A young person wants to farm a grain operation after finishing a degree from a prominent Midwest university. However, he wants to operate the family business or start his own somewhere between 1,000 and 1,400 acres.
He has no interest in managing a big operation, 5,000-10,000 acres. What is my response?
First, this person will have to build a business model in products, operating, marketing, financial and risk management plan to generate $40,000-70,000 net annually.
Second, this net income will have to grow 5-7% to stay ahead of inflation. This could come both from farm and non-farm earnings.
Third, will this person be fully employed? If it is a straight grain operation, I doubt it. This person may need to find a non-farm job to be fully employed.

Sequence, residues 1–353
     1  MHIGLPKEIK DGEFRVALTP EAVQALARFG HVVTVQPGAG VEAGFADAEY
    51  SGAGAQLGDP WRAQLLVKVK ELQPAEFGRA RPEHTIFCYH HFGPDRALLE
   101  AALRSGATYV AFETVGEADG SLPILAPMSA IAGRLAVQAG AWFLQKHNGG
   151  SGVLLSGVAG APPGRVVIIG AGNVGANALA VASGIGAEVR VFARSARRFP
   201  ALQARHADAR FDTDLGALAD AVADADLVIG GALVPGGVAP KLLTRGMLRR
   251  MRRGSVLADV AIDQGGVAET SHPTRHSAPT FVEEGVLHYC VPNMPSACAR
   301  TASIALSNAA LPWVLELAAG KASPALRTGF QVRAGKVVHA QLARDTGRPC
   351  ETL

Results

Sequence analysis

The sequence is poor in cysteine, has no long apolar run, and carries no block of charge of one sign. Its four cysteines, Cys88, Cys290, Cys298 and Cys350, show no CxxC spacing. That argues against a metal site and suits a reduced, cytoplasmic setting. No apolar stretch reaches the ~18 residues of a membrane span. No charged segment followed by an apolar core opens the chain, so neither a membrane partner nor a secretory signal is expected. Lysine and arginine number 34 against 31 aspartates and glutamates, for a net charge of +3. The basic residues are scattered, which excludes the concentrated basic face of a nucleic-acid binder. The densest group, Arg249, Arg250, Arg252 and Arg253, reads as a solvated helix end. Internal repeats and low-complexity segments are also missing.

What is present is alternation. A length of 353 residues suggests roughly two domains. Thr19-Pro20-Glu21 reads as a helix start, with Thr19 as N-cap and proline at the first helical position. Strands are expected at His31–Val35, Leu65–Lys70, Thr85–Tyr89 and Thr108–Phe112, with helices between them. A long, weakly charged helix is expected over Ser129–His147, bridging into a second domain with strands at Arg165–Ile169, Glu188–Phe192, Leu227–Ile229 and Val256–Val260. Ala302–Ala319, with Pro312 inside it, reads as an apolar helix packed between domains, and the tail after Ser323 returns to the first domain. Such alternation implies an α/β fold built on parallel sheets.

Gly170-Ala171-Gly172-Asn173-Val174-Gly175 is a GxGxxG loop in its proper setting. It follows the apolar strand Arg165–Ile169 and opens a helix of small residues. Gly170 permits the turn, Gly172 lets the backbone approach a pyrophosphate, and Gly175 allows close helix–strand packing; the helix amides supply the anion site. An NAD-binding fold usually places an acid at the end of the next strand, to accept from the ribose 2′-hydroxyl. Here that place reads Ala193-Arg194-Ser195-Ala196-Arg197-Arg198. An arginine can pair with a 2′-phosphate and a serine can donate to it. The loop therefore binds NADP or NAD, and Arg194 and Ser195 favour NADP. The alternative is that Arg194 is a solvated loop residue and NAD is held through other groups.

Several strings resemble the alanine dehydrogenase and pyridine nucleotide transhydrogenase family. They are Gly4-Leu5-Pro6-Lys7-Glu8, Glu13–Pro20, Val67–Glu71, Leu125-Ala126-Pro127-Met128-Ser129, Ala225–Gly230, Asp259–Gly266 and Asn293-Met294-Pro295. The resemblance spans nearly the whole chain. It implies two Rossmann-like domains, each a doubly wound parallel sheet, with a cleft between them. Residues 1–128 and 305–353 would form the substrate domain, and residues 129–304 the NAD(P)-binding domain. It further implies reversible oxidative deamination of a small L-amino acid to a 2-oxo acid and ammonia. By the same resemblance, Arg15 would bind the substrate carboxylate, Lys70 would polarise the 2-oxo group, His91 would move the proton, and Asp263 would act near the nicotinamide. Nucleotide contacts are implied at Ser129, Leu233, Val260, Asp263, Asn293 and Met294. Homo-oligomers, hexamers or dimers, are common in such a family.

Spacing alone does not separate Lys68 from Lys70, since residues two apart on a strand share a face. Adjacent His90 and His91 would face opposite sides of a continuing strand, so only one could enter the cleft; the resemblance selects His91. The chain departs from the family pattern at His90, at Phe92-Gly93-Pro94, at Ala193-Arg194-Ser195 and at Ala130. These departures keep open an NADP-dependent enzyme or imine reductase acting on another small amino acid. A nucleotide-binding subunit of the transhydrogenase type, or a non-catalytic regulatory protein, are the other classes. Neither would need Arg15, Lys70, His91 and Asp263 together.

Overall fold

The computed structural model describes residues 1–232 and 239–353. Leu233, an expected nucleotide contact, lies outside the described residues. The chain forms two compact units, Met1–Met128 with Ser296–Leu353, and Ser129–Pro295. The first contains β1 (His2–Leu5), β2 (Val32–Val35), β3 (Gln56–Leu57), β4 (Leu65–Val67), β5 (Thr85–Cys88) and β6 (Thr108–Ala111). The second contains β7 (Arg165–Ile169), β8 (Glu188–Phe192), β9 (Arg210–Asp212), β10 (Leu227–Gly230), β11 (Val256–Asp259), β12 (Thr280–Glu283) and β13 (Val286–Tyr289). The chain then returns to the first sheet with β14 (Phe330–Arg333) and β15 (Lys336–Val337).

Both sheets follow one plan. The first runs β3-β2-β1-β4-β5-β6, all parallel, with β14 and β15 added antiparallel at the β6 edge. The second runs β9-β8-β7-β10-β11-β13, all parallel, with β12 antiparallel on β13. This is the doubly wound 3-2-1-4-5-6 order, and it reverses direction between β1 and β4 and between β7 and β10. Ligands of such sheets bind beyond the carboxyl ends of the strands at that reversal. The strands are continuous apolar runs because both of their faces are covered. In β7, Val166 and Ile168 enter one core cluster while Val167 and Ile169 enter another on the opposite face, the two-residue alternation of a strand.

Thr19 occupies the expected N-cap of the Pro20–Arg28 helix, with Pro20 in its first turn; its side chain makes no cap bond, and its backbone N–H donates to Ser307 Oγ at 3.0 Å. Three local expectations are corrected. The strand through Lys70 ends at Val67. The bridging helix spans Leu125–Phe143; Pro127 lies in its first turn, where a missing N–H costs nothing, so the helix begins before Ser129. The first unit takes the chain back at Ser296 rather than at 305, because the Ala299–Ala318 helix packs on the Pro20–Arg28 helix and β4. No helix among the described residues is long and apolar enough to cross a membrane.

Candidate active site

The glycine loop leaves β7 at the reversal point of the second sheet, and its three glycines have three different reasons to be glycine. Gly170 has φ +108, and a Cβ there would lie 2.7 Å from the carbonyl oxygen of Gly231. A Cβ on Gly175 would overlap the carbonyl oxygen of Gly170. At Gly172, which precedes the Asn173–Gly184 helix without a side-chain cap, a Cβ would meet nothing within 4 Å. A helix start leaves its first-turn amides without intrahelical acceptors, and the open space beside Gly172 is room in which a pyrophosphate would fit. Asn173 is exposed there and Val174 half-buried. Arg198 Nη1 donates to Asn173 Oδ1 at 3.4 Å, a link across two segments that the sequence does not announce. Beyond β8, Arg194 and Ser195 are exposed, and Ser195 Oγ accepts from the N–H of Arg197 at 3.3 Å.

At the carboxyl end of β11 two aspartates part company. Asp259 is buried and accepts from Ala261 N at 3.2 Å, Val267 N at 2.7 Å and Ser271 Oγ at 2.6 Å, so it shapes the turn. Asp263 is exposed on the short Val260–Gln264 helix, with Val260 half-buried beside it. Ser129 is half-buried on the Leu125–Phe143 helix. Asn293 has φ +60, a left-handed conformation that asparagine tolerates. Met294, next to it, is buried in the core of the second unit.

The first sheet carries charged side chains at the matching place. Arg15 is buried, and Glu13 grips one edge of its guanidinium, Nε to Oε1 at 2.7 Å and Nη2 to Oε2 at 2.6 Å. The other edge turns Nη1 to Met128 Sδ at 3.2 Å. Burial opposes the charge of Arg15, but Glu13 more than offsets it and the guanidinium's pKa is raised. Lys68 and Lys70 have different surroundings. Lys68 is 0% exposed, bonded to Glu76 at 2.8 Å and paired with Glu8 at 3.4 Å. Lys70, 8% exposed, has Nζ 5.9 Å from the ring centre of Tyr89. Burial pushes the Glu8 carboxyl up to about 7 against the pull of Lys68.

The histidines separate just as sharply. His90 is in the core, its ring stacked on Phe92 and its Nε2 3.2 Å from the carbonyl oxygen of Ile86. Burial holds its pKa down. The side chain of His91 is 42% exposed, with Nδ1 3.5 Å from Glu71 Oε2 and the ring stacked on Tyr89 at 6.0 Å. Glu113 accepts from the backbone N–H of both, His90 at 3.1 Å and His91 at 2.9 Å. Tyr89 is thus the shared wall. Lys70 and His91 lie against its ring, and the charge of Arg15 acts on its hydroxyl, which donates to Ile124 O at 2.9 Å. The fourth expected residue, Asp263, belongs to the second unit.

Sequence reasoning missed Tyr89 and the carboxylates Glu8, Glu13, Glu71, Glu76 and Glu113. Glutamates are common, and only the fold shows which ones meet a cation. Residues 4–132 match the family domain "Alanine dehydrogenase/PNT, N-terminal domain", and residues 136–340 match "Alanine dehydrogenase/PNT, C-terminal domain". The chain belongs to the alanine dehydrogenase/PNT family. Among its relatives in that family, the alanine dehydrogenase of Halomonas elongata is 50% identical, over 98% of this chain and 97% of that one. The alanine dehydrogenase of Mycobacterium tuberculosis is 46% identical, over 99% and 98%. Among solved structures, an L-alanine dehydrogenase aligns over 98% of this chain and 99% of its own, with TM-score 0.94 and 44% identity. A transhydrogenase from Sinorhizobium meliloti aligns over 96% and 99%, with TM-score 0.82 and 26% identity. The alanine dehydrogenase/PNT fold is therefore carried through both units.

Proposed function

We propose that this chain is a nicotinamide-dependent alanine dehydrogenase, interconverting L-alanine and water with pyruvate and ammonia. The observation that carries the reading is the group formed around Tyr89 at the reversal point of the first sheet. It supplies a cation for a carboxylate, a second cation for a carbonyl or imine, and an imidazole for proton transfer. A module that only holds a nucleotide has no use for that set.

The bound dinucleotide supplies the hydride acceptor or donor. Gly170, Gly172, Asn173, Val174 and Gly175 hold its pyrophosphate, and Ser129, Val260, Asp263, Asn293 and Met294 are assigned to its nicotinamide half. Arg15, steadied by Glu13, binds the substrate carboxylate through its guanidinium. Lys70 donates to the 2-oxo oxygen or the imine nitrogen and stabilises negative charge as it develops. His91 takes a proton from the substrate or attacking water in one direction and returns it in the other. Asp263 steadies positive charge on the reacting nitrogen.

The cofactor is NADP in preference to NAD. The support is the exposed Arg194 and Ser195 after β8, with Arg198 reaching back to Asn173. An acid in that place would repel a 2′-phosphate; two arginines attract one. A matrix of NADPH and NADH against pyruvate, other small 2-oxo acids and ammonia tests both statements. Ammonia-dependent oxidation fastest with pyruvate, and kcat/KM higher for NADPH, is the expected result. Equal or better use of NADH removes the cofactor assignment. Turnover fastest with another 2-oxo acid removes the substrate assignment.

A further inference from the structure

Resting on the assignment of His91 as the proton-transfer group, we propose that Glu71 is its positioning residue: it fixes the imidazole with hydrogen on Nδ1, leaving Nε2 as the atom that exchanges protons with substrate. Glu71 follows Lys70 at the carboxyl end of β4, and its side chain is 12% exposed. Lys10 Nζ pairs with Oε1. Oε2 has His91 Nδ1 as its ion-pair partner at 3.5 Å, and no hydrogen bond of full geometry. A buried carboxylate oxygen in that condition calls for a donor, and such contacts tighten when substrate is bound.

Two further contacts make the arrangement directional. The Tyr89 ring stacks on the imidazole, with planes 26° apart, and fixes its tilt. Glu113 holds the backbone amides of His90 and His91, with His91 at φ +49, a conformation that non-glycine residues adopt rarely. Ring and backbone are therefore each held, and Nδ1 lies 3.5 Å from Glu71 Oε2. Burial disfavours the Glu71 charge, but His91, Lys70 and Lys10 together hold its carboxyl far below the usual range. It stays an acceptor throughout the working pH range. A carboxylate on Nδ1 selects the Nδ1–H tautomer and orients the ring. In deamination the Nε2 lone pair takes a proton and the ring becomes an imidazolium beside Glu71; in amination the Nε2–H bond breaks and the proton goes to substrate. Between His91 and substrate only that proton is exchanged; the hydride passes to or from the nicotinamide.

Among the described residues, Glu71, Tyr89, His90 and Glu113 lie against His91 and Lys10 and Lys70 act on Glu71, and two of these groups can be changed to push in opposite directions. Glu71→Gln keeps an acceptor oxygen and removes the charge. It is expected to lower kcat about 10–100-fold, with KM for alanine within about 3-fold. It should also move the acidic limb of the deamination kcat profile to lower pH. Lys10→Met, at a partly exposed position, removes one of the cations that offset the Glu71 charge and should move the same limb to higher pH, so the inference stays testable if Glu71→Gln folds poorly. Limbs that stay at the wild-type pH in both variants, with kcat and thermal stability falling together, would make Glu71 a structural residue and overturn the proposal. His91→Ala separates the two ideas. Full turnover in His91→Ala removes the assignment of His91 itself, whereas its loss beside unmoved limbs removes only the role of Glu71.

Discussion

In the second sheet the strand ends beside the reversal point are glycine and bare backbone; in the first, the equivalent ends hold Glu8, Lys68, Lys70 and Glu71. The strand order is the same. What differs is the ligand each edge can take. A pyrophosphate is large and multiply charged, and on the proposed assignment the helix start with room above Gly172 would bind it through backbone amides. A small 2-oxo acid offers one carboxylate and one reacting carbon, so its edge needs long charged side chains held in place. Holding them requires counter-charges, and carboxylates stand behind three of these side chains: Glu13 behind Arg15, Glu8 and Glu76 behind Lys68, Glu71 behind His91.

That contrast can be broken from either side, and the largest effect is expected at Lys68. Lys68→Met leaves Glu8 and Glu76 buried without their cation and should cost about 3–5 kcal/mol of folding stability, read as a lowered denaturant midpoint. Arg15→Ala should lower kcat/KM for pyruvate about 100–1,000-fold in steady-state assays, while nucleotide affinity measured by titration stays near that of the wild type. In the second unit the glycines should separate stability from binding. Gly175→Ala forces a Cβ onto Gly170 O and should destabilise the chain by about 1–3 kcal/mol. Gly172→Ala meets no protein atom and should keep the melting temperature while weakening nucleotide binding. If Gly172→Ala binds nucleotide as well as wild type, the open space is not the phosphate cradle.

Fourth, this young person will be required to keep the debt-to-asset ratio below 50%.
Finally, if this person gets married, then a frank discussion with the spouse must occur. Location of the farm, schools, hospitals and social opportunities will be imperative to success.
Thought for the Day
Trends, technology, customer demands and government policy are the engines driving agriculture. Vision and action are the fuel.
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Editors' note: Dave Kohl, Soybean Digest Trends Editor, is an ag economist at Virginia Tech. He recently completed a sabbatical working with the Royal Bank of Canada. He is now back at Virginia Tech with his academic appointment, which is teaching, extension, and applied research.
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